The first sign that May 17 is around the corner - apart from the fact that you see the date approaching on the calendar - is the sound of band music. It can be heard throughout the year but becomes more apparent in April as bands come out onto the streets to practice as part of their May 17 preparations. By the end of 2016, 59,048 Norwegians were registered band members. Playing in a band is a serious commitment. In addition to turning up to rehearsals, you have to be up with the lark on May 17. But most Norwegians would agree that, without bands, the national day celebrations just wouldn’t be the same.
May 17 speech
The national day is not just about eating ice cream and watching children’s parades, it also has a serious side. In addition to the permanent fixtures of flag-raising and singing, the May 17 speech is another very important element of the celebrations. Politicians, renowned business people and schoolchildren are among those who give speeches. It is a particular genre of speech, which addresses the origins of May 17, democracy and why this day is a day of celebration. The speeches are also usually slightly political.
Norwegian schoolchildren who have finished their upper-secondary education mark the occasion with a huge celebration. You can recognize them by their red and blue jumpsuits. Red signifies that you have completed a specialist study program, whilst blue indicates that you have taken a retail and clerical course. Planning for the celebrations begins in the year prior to graduation. For many students, the celebrations, which start in late April and reach a crescendo on May 17, last a full 24 hours. Some buy their own buses that they travel around in. Huge events and concerts are put on.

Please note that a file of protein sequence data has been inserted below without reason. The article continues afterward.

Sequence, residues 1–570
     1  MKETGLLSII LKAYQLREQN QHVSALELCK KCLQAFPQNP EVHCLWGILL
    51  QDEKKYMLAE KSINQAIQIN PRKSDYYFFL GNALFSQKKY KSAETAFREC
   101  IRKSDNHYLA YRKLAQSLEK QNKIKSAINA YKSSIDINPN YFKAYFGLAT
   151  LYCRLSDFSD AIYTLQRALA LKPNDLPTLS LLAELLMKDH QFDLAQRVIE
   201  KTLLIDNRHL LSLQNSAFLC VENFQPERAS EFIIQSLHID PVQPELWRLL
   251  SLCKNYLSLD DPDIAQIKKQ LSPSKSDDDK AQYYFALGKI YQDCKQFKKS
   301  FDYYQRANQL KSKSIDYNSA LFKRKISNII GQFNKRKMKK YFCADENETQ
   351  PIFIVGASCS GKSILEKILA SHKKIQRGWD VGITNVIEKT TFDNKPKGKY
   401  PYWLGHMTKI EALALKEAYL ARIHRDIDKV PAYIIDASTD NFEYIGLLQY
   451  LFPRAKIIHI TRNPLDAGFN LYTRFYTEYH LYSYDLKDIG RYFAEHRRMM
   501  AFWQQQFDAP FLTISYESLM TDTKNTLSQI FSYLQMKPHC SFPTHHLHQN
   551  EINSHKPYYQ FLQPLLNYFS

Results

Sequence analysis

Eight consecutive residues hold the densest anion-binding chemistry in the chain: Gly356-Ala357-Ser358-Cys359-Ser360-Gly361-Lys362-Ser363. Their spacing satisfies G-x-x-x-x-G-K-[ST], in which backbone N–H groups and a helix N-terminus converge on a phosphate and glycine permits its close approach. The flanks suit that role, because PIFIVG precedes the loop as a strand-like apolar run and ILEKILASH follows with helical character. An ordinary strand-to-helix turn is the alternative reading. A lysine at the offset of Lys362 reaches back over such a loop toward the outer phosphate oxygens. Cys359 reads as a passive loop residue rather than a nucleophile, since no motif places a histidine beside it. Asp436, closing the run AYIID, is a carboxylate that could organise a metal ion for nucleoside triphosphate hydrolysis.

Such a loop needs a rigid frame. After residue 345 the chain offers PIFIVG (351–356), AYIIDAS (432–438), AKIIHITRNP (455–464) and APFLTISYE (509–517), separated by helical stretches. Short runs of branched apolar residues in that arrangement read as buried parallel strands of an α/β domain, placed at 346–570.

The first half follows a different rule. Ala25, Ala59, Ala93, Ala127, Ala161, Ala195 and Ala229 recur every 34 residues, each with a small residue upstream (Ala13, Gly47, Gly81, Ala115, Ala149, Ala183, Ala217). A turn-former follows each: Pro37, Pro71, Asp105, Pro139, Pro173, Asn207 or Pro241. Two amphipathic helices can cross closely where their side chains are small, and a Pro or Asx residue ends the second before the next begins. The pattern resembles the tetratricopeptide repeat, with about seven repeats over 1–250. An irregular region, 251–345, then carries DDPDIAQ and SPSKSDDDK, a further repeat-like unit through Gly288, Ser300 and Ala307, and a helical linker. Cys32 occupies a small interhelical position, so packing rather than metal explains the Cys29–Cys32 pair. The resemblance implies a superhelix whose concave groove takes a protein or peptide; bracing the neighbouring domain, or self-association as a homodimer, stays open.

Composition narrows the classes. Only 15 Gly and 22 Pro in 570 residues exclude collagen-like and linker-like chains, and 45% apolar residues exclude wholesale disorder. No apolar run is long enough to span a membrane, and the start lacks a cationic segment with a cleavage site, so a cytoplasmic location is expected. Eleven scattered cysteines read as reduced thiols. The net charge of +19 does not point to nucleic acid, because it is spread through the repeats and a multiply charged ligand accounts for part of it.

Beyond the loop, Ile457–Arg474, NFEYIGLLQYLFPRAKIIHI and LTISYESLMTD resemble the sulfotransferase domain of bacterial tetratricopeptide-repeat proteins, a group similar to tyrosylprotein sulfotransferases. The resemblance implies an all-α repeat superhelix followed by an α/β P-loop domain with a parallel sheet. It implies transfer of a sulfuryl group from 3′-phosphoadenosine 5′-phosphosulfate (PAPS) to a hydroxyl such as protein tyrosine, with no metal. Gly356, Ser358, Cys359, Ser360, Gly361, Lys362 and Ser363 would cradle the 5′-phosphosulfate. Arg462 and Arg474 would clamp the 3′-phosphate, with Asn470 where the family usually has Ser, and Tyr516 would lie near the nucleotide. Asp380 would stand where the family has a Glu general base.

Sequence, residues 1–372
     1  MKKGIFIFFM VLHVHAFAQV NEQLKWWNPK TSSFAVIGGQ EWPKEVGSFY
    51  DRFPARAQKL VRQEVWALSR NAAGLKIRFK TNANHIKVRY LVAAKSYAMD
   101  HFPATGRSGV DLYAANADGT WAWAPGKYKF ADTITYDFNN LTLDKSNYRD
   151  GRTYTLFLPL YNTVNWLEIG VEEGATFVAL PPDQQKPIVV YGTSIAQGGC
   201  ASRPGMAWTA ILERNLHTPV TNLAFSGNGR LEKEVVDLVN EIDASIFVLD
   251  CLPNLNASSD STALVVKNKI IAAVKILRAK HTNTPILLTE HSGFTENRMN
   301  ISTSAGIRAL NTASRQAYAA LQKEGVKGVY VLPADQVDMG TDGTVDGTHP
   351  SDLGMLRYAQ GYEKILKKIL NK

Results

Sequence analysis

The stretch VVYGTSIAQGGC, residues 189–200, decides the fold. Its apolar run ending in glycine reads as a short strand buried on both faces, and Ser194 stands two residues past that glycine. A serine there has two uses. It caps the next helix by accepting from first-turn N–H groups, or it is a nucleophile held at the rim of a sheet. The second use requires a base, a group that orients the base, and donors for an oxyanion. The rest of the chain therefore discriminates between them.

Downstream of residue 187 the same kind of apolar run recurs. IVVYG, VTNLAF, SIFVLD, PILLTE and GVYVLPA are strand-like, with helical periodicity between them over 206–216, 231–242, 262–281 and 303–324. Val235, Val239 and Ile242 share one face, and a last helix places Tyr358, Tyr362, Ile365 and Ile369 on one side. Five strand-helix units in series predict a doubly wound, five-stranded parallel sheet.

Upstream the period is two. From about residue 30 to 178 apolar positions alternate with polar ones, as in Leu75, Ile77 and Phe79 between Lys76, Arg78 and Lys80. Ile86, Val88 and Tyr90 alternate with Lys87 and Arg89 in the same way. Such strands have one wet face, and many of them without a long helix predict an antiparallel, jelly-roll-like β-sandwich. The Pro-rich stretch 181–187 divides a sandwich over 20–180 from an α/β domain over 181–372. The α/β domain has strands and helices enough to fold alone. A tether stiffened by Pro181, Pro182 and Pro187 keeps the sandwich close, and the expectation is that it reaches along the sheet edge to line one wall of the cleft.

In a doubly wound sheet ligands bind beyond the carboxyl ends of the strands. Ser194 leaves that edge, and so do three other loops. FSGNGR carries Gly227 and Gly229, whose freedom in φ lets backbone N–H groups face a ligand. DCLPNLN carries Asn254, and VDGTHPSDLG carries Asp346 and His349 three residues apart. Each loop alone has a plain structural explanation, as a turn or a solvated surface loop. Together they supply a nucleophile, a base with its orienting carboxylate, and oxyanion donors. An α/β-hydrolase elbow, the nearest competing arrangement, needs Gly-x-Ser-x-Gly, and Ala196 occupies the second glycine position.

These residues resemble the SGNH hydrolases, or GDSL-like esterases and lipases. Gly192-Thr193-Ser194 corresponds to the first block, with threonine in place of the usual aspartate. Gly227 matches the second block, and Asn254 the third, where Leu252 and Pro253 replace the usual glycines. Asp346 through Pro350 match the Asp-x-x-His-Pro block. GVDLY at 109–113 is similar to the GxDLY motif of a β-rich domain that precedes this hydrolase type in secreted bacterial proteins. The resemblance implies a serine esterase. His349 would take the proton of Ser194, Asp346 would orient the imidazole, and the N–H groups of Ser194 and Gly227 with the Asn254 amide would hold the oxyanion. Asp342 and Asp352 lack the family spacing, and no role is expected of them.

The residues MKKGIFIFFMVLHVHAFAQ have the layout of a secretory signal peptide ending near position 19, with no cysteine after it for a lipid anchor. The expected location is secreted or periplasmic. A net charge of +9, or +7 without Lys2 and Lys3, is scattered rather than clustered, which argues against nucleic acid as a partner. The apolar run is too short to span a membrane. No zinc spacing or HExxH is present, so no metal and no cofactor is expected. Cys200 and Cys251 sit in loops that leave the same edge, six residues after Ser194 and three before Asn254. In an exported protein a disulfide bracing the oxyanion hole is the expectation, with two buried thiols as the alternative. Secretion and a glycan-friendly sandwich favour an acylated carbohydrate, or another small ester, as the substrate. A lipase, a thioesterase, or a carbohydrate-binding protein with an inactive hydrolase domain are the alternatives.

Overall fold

May 17 from north to south
The national day is celebrated with children’s parades and fun events in towns and villages throughout the country. If you are a nature-lover, there are hundreds of wonderful places where you can mark the event. One such place is at Finsehytta, which is situated 1,222 meters above sea level. The May 17 celebrations start there at 8 am with a salute, flag raising and a rendition of the Norwegian national anthem. This is followed by breakfast. People then head out on their skis (there is still snow on the ground up there in May) and make their way towards Hardangerjøkulen. Some wear bunads or other finery, depending on the weather. You can stay overnight or take a day trip from Oslo or Bergen. Remember, the train from Oslo takes around four hours. If you want to experience the celebrations with an Arctic touch, why not make your way to Svalbard and bathe in the exuberant atmosphere.
Why May 17?
The celebrations commemorate the day in 1814 (May 17) when Norway got its first constitution following a Norwegian uprising against Swedish regent Carl Johan and his attempt to place Norway under Swedish rule. As a result, May 17 is also known as “Constitution Day”. The Constitution was ratified by the Norwegian Constituent Assembly at Eidsvoll on May 16 and dated and signed by Presidential Cabinet the following day. Therefore, May 17 was declared a public holiday and flag day.
Text by Inga Ragnhild Holst